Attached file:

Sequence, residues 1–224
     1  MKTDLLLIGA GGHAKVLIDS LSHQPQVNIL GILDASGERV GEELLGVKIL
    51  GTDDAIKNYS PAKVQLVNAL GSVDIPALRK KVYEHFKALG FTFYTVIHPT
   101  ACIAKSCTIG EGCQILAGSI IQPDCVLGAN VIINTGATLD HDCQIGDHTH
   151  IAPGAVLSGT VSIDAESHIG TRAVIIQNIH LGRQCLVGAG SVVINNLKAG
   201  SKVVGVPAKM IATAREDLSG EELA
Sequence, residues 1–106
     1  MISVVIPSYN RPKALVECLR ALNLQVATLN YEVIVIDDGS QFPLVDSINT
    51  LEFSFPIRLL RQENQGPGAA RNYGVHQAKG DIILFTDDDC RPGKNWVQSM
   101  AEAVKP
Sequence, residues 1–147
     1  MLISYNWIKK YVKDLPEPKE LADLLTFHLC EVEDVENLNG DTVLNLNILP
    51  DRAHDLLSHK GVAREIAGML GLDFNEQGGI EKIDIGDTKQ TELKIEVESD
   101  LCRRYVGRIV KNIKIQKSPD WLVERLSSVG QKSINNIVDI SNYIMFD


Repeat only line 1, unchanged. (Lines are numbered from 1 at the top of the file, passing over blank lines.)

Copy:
Sequence, residues 1–224